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Students benefit the most from staff learning days

Educators in Action

For teachers to do their jobs well, they need to have quality opportunities for learning.

Bellingham Public Schools and the Bellingham Education Association found a way to balance the learning needs of both students and their teachers by instituting truly meaningful staff learning days (“purple Fridays”) once a month.

Students getting one day off a month might seem like a lot, and school officials acknowledge it often requires parents to arrange childcare on those days. But students are still getting the 180 days of instruction required by state law. And staff learning days benefit students because they are with their teachers more than in previous years. The number of excused teacher absences for professional development has dropped significantly since monthly staff learning days began in 2014-15.

The days work so well, other districts in the area are paying attention, Deputy Superintendent Mike Copland said. “This is possibly the most robust extra-day strategy, certainly in this region.”

Typical staff learning days put teachers from the same school together in the mornings. Then teachers break out in the afternoon to meet with their colleagues from other schools who teach the same subjects or the same grades. Teachers use the time at the end of the semester in January, or the end of the year in June, for grading and student assessment. Middle and elementary school students are dismissed early on the Thursday before staff learning days, to make time for teachers to meet with parents.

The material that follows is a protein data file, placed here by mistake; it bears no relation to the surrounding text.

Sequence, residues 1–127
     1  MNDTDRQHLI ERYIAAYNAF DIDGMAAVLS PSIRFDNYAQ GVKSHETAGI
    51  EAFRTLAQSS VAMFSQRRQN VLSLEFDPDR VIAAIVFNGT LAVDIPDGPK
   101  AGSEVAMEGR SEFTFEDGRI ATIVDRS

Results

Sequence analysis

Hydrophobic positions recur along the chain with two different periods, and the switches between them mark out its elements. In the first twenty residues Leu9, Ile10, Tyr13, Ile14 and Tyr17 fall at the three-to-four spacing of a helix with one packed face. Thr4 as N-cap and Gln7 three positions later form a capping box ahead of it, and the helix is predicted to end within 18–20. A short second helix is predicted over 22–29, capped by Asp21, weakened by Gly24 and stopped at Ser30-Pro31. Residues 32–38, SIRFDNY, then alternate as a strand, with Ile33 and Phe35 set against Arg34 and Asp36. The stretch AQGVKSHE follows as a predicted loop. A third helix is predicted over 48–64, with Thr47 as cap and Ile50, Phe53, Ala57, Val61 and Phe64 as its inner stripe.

Teachers said in a recent survey that they benefit from the learning days. The percentage of teachers saying staff learning days were “highly impactful” in supporting their professional growth went from the low 50s two years ago to the low 80s last year, Copland said.

“I feel like a real professional, to tell you the truth,” said Phil Henoch, Sehome High School math teacher. “You guys are valuing our time as professionals, and allowing us to learn.”

The number of absences per teacher in September and October 2016 was 55 percent less than during the same months in 2013-14, the year before the current staff learning-day program began. This is part of a trend in decreased teacher absences: The absentee rate for teachers decreased 13 percent in 2014-15 and 28 percent in 2015-16 compared to 2013-14.

“Teachers want to be in the classroom,” said Bob Kuehl, assistant superintendent for human resources. “And we want our team to be in the classroom consistently teaching kids, and not out for professional development.”

“As good as substitute teachers are – and I don’t want to minimize their value – the classroom teacher provides the consistency of support and instruction that students need,” Kuehl added.

Staff learning days in their current form will continue at least through 2017-18. Administrators and teachers have ongoing meetings to make the learning days work even better.

“They’re continuing to adjust and modify to best meet the professional development needs of teachers,” Kuehl said.

Photos: Deputy Superintendent Mike Copland works with art teachers during staff learning day on Oct. 14, 2016. Teachers in similar subject areas but from different schools often meet during staff learning Fridays.

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